old


old
old (adj.) O.E. ald (Anglian), eald (W.Saxon) "aged, antique, primeval; elder, experienced," from W.Gmc. *althas "grown up, adult" (Cf. O.Fris. ald, Goth. alþeis, Du. oud, Ger. alt), originally a pp. stem of a verb meaning "grow, nourish" (Cf. Goth. alan "to grow up," O.N. ala "to nourish"), from PIE root *al- "to grow, nourish" (Cf. Gk. aldaino "make grow, strengthen," althein, althainein "to get well;" L. alere "to feed, nourish, bring up, increase," altus "high," lit. "grown tall," almus "nurturing, nourishing," alumnus "fosterling, step-child;" O.Ir. alim "I nourish").
The usual PIE root is *sen- (Cf. SENIOR (Cf. senior)). A few Indo-European languages distinguish words for "old" (vs. young) from words for "old" (vs. new), and some have separate words for aged persons as opposed to old things. L. senex was used of aged living things, mostly persons, while vetus (lit. "having many years") was used of inanimate things. Gk. geraios was used mostly of humans; Gk. palaios was used mostly of things, of persons only in a derogatory sense. Greek also had arkhaios, lit. "belonging to the beginning," which parallels Fr. ancien, used mostly with reference to things "of former times."
Old English also had fyrn "ancient," related to O.E. feor "far, distant" (see FAR (Cf. far), and Cf. Goth. fairneis, O.N. forn "old, of old, of former times," O.H.G. firni "old, experienced"). The original Old English vowel is preserved in Scots auld, also in ALDERMAN (Cf. alderman). The original comparative and superlative (elder, eldest) are retained in particular uses.
First record of old-timer is from 1860. Expression old as the hills first recorded 1819. The good old days dates from 1828. Of old "of old times" is from late 14c. Old Glory for "the American flag" is first attested 1862. Old maid "woman who remains single well beyond the usual marrying age" is from 1520s; the card game is attested by that name from 1844. Old man "man who has lived long" is from c.1200; sense of "husband, father, boss" is from 1854, earlier (1830) it was military slang for "commanding officer;" old lady "wife, mother" is attested from c.1775. Old English is attested from 1701, originally as a type of font. Old boy originally was a former pupil of one of the English public schools.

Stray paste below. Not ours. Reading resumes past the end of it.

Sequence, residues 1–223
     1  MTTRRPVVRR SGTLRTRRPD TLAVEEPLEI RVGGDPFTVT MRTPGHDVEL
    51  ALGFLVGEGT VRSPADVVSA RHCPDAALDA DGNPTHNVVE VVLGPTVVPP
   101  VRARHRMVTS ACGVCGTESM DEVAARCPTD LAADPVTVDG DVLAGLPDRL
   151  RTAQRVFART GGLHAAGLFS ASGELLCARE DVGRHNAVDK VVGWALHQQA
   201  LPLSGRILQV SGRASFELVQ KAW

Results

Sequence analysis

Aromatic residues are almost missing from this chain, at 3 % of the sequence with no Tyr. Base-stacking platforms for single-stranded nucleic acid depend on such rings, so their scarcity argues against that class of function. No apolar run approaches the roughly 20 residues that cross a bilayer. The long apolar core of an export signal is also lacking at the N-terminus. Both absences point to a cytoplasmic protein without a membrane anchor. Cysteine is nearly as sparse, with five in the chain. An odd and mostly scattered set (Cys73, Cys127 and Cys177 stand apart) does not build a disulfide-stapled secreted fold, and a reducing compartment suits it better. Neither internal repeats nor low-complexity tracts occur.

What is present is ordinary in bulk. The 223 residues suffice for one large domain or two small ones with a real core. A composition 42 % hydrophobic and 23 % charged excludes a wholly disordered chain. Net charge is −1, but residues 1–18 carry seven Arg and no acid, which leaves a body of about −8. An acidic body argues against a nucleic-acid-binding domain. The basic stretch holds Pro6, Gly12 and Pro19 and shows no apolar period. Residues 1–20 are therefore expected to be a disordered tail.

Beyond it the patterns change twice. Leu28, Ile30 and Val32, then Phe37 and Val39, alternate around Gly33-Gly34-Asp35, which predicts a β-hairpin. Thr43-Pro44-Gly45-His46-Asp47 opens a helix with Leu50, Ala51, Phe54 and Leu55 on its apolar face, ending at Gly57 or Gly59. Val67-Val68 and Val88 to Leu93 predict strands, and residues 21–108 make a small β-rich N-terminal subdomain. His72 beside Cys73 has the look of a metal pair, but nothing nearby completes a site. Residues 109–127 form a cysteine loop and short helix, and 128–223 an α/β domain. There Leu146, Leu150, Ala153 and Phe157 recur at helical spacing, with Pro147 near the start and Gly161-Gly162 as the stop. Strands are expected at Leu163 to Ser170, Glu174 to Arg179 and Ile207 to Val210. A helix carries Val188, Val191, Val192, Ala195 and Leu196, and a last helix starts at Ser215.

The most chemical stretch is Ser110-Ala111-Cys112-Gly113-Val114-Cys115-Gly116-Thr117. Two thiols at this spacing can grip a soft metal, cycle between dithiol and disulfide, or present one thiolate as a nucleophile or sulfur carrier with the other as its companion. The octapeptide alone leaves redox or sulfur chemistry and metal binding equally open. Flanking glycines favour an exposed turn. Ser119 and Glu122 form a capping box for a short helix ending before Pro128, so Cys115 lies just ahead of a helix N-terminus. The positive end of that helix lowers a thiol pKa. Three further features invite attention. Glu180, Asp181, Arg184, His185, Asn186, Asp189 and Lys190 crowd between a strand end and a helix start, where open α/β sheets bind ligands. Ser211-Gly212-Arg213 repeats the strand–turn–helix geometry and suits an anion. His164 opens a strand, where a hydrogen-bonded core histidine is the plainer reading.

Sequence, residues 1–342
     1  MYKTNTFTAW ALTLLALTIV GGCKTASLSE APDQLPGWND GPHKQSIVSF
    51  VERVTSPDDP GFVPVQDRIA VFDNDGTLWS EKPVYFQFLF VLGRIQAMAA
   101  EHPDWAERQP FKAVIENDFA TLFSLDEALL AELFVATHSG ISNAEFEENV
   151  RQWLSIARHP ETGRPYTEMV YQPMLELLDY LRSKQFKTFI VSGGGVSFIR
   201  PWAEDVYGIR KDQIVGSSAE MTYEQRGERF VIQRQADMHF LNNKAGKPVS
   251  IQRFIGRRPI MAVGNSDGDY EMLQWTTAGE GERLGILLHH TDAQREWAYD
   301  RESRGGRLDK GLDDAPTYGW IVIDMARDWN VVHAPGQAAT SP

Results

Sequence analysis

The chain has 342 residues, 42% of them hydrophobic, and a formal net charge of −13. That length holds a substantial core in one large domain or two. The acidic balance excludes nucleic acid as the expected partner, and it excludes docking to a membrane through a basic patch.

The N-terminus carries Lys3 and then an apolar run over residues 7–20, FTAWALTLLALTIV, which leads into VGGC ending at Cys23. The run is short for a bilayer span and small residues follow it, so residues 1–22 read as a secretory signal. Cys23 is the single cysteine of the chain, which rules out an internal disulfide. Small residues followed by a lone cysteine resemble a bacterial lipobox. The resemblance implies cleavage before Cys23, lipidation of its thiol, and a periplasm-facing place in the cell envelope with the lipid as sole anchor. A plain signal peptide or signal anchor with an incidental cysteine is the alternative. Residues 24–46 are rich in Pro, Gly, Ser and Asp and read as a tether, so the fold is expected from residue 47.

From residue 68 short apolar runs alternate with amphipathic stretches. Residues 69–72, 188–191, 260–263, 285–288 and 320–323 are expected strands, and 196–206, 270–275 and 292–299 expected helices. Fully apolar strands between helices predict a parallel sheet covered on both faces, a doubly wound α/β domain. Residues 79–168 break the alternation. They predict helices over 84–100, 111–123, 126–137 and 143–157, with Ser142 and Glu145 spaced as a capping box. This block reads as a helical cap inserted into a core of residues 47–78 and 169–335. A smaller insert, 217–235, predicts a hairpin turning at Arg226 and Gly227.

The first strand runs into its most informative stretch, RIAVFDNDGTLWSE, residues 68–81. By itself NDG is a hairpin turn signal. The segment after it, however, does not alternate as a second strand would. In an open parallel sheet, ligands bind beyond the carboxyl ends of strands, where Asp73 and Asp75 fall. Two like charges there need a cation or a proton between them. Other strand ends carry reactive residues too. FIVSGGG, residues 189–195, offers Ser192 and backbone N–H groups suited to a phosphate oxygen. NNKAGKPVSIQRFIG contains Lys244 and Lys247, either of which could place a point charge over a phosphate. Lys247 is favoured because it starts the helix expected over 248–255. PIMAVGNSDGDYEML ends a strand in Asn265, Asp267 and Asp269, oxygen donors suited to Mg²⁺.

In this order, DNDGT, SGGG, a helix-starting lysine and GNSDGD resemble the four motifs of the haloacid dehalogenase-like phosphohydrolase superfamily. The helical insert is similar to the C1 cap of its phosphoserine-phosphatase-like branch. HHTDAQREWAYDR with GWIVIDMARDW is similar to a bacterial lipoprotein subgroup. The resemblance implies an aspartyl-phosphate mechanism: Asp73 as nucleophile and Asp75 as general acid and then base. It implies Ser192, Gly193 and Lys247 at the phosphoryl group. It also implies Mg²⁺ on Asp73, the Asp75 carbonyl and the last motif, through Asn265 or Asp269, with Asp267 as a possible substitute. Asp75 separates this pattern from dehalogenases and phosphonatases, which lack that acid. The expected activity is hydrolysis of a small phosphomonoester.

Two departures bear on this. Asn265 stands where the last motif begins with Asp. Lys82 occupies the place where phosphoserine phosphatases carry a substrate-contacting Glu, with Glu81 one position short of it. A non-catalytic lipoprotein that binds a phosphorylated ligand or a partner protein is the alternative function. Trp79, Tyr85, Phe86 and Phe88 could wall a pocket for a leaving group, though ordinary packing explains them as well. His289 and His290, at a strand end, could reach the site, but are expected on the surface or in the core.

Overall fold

Etymology dictionary. 2014.

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  • old — W1S1 [əuld US ould] adj comparative older superlative oldest ▬▬▬▬▬▬▬ 1¦(not new)¦ 2¦(not young)¦ 3¦(age)¦ 4¦(that you used to have)¦ 5¦(familiar)¦ 6¦(very well known)¦ 7 the old days 8 …   Dictionary of contemporary English

  • Old — Old, a. [Compar. {Older}; superl. {Oldest}.] [OE. old, ald, AS. ald, eald; akin to D. oud, OS. ald, OFries. ald, old, G. alt, Goth. alpeis, and also to Goth. alan to grow up, Icel. ala to bear, produce, bring up, L. alere to nourish. Cf. {Adult} …   The Collaborative International Dictionary of English

  • old — [ ould ] adjective *** ▸ 1 for talking about age ▸ 2 having lived a long time ▸ 3 not new ▸ 4 that existed in the past ▸ 5 for showing you like someone ▸ + PHRASES 1. ) used for talking about the age of someone or something: how old: She didn t… …   Usage of the words and phrases in modern English

  • old — [ōld] adj. older or elder, oldest or eldest [ME < OE (Anglian) ald, WS eald, akin to Ger alt < IE base * al , to grow > L altus, old, alere, to nourish: basic sense “grown”] 1. having lived or been in existence for a long time; aged 2.… …   English World dictionary

  • Old — or OLD may refer to: Contents 1 Age 2 Places 3 Persons 4 Music 5 Acronyms …   Wikipedia

  • Old 97's — Old 97 redirects here. For the Southern Railway train and its crash, see Wreck of the Old 97. Old 97 s The Old 97 s performing in 2008 Background information …   Wikipedia

  • old — ► ADJECTIVE (older, oldest) 1) having lived for a long time; no longer young. 2) made or built long ago. 3) possessed or used for a long time. 4) dating from far back; long established or known. 5) former; previous. 6) …   English terms dictionary

  • old — 1 *aged, elderly, superannuated Analogous words: *weak, feeble, infirm, decrepit Antonyms: young 2 Old, ancient, venerable, antique, antiquated, antediluvian, archaic, obsolete all denote having come into existence or use in the more or less… …   New Dictionary of Synonyms

  • old — (izg. ȏld) prid. DEFINICIJA ob. u: SINTAGMA old boy (izg. old bȏj) 1. veteran (bivši sportaš, glazbenik i sl.) 2. jedan od partnera više dobi koja je određena posebnim propisima; stariji senior; old fashioned (izg. old fȅšnd) što je nekoć bilo… …   Hrvatski jezični portal

  • Old 8×10 — Studio album by Randy Travis Released July 12, 1988 …   Wikipedia


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